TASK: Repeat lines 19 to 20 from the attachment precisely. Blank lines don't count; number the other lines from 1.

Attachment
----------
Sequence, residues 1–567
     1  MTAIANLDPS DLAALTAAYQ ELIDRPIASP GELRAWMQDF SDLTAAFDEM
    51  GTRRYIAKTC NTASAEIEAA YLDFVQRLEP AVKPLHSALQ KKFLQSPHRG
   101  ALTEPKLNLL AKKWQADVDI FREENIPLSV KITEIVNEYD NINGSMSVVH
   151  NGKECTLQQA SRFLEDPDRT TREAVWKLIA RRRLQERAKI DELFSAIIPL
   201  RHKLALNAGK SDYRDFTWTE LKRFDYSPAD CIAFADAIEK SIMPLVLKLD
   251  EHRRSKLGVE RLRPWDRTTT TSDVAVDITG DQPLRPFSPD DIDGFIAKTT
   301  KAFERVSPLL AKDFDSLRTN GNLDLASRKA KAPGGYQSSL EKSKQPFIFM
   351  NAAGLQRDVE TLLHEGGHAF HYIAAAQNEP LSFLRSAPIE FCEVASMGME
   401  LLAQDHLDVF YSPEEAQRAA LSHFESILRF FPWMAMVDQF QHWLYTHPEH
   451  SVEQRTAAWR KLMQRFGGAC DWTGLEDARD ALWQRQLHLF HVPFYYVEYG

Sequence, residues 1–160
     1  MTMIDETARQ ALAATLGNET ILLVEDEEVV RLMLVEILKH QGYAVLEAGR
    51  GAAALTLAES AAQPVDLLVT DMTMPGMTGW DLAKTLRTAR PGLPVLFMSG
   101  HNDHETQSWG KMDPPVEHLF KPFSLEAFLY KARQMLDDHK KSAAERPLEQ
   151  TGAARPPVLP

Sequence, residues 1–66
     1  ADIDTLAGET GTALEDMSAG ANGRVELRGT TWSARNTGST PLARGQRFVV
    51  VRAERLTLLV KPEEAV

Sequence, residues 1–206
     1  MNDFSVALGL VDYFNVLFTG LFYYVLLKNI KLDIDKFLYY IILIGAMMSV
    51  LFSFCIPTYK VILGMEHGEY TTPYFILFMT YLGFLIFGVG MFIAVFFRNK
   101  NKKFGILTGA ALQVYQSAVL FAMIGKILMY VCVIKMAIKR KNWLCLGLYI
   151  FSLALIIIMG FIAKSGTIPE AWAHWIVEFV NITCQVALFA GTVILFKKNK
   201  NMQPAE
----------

    51  VRAERLTLLV KPEEAV

Sequence, residues 1–206